AHA revises admissions, occupancy document

The Altoona Housing Authority has revised its admissions and continued occupancy policy document, incorporating changes that will put the document into compliance with Department of Housing and Urban Development regulations.

Authority officials have consulted other housing authorities about the matter prior to making the revisions — which should make the authority’s policies regarding admission and retention clearer to hearing officers and applicants, said Executive Director Cheryl Johns.

In the Clinton era, HUD called for housing authorities to enact a one-strike program, under which a significant criminal charge meant, “boom, you’re out,” Haberstroh said.

HUD now says authorities shouldn’t be so strict, he said.

But the Housing Authority has never slavishly followed a one-strike policy, according to Haberstroh.

Instead, it has relied on an examination of the underlying facts that led to charges and the perceived reliability of evidence encountered, he said.

It has also not necessarily waited until a conviction was reached before issuing a denial, according to Haberstroh.

The revised document calls for looking at each situation “case by case,” according to Johns.

“We still look at the whole picture,” she said.

It is coupled with a process that was put in place several years ago, which includes a review by the development manager and a final judgment from Johns, she said.

The policy

For admissions, the policy allows for considering evidence that includes police reports, witness statements and affidavits of probable cause, according to the new document.

It calls for considering whether an offense may have relevance to the safety and security of other residents; and it calls for considering the level of violence that may be involved; the length of time since a conviction occurred; the number of convictions in the applicant’s criminal history; whether the applicant is in addiction recovery; and what rehabilitation efforts may have been made.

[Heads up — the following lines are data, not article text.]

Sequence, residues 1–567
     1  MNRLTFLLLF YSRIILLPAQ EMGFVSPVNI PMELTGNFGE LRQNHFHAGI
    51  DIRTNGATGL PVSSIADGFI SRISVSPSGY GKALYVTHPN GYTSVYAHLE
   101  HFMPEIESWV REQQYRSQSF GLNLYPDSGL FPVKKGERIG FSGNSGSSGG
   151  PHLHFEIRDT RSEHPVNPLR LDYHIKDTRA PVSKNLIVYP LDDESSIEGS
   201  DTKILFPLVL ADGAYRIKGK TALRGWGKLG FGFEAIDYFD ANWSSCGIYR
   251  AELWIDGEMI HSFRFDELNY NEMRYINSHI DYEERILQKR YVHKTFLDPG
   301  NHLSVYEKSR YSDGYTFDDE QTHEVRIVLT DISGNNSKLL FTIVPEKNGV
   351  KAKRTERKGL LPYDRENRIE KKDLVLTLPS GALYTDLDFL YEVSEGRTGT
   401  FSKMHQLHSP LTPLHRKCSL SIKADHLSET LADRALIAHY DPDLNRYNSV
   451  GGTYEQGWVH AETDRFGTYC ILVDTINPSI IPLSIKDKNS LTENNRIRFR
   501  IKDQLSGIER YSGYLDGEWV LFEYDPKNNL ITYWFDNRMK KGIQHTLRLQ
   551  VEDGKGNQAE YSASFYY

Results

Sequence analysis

The policy provides a range of time periods for postponing acceptance of a new application, depending on the nature of prior problematic behavior.

There is a lifetime denial when any household member has been convicted or has pled no contest to the manufacturing of meth or when the individual applicant is subject to lifetime registration under the Sex Offender Registration and Notification Act or has been convicted of crimes of indecency against a child. No waivers are permitted for these matters.

There is a 10-year denial if any member of the applicant household has been convicted or has pled no contest or guilty to a first degree felony.

But waivers can be considered.

There is also a 10-year denial for charges under the Violence Against Women Act, with no waivers permitted for mitigating circumstances.

There is a seven-year denial for convictions, no contest or guilty pleas for second degree felonies, with waivers possible.

There is a five-year denial for convictions, no contest or guilty pleas for third-degree felonies or first degree misdemeanors, with waivers permitted; and a five-year denial also for felony drug manufacture, delivery or possession, which aren’t graded by number.

There is a three-year denial for second- or third-degree misdemeanor convictions, no contests or guilty pleas, with waivers possible; for three or more convictions of unclassified misdemeanors and criminal summary offenses; for three or more offenses where an applicant was found not guilty or where charges were withdrawn, dating from the last charge — with the authority using its judgment on the gravity of such matters.

There is also a three-year denial for three or more alcohol offenses; misdemeanor drug offenses; and misrepresentation of critical application information.

The authority may also consider violence, illegal use of a drug and alcohol consumption patterns that could threaten the rights of others on the property in deciding whether to grant admission.

When an applicant claims mitigating circumstances, the authority needs to consider the “time, nature and extent” of applicants’ conduct.

If the mitigating circumstances relate to changes in disability, medical conditions and treatments, the authority must consult someone qualified to evaluate the claims.

Issues that could affect the authority’s decision include successful rehabilitation; a family’s participation in social service programs or counseling; and evidence of reform.

There was no need for a HUD review of the policy, Johns said.

Mirror Staff Writer William Kibler is at 814-949-7038.


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